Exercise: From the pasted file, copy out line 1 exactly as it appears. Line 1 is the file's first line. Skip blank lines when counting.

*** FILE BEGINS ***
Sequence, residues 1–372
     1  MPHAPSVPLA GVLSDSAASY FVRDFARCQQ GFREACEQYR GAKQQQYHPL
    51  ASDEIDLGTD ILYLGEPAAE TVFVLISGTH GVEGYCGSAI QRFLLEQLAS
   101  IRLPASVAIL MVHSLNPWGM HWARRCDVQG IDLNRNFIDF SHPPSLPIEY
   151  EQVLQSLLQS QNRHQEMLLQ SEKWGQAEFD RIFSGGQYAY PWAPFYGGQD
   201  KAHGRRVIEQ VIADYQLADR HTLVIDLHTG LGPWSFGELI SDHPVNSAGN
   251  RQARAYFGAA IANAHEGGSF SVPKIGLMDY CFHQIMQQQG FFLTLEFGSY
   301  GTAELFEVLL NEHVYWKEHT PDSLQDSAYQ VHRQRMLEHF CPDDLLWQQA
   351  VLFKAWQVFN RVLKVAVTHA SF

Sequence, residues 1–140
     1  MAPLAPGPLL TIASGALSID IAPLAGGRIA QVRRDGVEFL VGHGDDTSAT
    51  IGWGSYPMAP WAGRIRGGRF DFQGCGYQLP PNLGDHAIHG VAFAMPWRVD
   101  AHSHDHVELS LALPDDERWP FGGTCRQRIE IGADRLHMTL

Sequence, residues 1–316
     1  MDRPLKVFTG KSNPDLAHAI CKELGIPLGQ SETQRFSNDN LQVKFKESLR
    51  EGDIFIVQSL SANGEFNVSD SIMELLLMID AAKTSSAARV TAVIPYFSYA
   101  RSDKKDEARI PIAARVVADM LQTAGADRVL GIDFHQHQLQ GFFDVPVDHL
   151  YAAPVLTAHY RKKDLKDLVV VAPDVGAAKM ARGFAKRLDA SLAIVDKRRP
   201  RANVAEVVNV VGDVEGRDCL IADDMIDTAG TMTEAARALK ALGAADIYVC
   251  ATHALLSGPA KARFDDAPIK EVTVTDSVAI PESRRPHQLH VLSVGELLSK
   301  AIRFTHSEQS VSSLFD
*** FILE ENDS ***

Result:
Sequence, residues 1–372